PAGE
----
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Gregory Alan Isakov: Sad Songs About Space

By Austin Turpen
Photos by Jayme Bigger

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Saturday night at the Englert Theater, Gregory Alan Isakov walked out alone onto a stage crowded with a small orchestra’s-worth of acoustic strings, a stage flooded with dim shades of blue, green, and purple. Barely visible was a large, outdated telescope dish depicted on the backdrop. The dish pointed up, looking into a star-filled sky, perhaps out of curiosity, perhaps out of some sort of longing for a kind of communication it is no longer capable of. Hard to tell. As Gregory casually fingerpicked his guitar, checking the tuning, the room filled with dark, ethereal ambient delays.

Someone sitting near the front row, right of center stage, spoke for the whole room when they said, “We love you Gregory!”

It was the truth.

Gregory looked down at us through the brim of his hat.

"I love you,” he said, his voice hushed and comically seductive. “I love you a lot."

He opened with his song “She always Takes it Black” from his 2013 album, The Weather Man. Everyone was completely silent. The audience was lulled yet rapt with Isakov’s understated, quietly jaw-dropping lyrics. He nodded back at us, back at the fan who had earlier professed their love, as he sang:

Oh, I'm yearning for the pack
But I'd never say "I love you, " dear
Just to hear you say it back.

I know I saw him wink, though his face was almost completely obscured by shadows and haze.

The rest of the band emerged from backstage mid-song. They picked up their instruments and joined in. Plucked, upright bass notes resonated through our chests. The woman sitting next to me put both hands over her mouth. Oh, my God, she whispered. The drama of the strings, the powerful grunt of the electric guitar, punctuated by the kicks and snares of the percussionist—it all coalesced to create a deep, undeniable sense of fullness.

The group had chemistry. You wouldn’t need to know anything about music to know that.

The band members all exchanged a look then transitioned seamlessly into the next song, Isakov’s most popular, “Big Black Car.”  The crowd erupted. Three globes—placed on various amps and speakers across the stage—illuminated from their cores with warm tones of orange and yellow. The globe in the middle, sitting on Gregory’s amp, was turned such that Africa faced out toward the crowd. When he was a child, in the midst of Apartheid, his family emigrated from South Africa and found roots in Pennsylvania.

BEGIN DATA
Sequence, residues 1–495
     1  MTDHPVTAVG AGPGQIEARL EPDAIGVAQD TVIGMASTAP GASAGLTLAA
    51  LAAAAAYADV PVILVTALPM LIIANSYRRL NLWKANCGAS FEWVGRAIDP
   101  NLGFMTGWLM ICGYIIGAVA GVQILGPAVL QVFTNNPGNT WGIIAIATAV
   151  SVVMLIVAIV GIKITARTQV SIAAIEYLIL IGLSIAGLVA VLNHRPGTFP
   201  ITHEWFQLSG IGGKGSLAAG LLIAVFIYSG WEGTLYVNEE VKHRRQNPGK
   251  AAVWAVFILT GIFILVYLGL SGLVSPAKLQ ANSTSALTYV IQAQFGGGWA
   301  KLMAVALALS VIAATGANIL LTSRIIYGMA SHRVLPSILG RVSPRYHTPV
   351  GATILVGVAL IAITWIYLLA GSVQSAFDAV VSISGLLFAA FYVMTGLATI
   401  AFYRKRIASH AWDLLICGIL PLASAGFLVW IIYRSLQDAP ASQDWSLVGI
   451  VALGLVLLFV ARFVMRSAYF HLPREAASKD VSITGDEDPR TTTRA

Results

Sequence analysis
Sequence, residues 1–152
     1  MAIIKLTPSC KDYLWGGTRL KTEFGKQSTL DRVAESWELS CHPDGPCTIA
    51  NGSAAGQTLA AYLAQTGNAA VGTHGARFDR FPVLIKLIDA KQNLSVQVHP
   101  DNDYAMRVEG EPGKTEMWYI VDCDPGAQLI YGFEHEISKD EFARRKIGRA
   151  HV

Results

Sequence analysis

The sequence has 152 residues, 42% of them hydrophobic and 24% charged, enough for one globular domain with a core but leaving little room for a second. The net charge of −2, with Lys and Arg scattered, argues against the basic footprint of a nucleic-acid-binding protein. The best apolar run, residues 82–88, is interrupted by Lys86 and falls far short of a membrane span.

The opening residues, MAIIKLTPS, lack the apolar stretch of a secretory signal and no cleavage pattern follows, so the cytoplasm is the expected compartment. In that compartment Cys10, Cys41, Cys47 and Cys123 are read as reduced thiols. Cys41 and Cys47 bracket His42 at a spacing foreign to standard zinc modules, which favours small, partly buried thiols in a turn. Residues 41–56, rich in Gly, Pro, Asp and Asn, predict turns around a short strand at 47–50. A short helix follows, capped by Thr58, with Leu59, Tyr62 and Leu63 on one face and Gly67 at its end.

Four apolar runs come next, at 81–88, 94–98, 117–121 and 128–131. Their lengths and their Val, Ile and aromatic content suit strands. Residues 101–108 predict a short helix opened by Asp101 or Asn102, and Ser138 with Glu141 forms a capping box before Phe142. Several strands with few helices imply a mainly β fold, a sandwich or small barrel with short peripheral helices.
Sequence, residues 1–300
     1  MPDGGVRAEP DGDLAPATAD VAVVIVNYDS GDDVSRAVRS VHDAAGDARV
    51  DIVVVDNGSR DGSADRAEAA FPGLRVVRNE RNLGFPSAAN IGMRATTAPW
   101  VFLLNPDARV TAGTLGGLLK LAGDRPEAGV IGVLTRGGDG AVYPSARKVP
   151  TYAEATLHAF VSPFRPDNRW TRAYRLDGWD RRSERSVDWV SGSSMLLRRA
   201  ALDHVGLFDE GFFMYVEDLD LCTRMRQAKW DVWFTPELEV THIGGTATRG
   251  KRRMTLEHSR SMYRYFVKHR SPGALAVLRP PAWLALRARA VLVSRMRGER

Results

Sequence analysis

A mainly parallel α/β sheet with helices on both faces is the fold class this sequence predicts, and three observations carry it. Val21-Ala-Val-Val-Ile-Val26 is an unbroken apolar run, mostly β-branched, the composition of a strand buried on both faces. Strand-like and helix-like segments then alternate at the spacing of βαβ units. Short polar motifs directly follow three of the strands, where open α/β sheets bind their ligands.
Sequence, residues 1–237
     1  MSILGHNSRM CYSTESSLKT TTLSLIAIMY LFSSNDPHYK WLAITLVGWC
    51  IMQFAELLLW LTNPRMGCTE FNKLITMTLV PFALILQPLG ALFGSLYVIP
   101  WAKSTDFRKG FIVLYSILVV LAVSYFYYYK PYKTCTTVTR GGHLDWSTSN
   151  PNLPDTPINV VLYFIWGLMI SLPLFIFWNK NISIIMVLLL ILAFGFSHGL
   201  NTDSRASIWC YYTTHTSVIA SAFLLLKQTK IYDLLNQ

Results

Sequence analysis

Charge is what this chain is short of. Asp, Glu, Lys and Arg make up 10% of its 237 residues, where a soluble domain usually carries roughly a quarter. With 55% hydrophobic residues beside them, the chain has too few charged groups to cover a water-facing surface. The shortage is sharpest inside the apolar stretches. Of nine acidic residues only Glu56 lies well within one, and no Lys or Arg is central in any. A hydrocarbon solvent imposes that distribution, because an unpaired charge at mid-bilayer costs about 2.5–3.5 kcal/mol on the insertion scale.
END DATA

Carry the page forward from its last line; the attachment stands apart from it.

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Isakov, a timid, admittedly anxious person, is a natural storyteller. He kept the audience entertained all night with anecdotes about his writing process, such as the time he cut up a few “trashy romance novels” and used the pieces to create a sort of “refrigerator magnet poem.” In his home studio, which is actually just an old, repurposed barn, there is a wall full of taped-up paper scrawled with incomplete lyrics and lists of words he had forbidden himself from using again, “like moon or stars.”  The band decided to call the wall “suicide watch,” because “those songs had better finish themselves soon.”

From his most recent album, Evening Machines, the song “Berth” tells a story of Isakov’s complicated relationship with the past. In it you will find striking imagery of an immigrant’s journey. The title of the song itself refers to the space under a boat in which passengers sleep. In one line, he references the moment Lot’s wife is turned into a pillar of salt for looking back as they left Sodom: “turned to salt for wondering….” The song refrains, “quit all that looking back / I quit all that.”

In an interview with the Englert, Gregory reveals that it wasn’t clear “Berth” was about immigration until much later. Like any great story teller, Gregory knows that concrete meaning is rare, elusive, and sometimes not all that useful in the creative process. Toward the end of the show, he told us about a gig he played a couple years back in Paris. The venue was small. Microscopic. To set up on stage, they had to cram with their instruments into an elevator that was about shoulder-width. When the elevator doors opened, they saw an old man sitting on the stage. The man asked what kind of music they played and what it was about.

“I like to fuck with people a little bit,” Gregory said shyly. “Tell ‘em we’ve come to play a bit of Jazz for them, a samba mix. How do you answer a question like that? I never know. I think I told him, that night in Paris, that we write sad songs about space.”  

 

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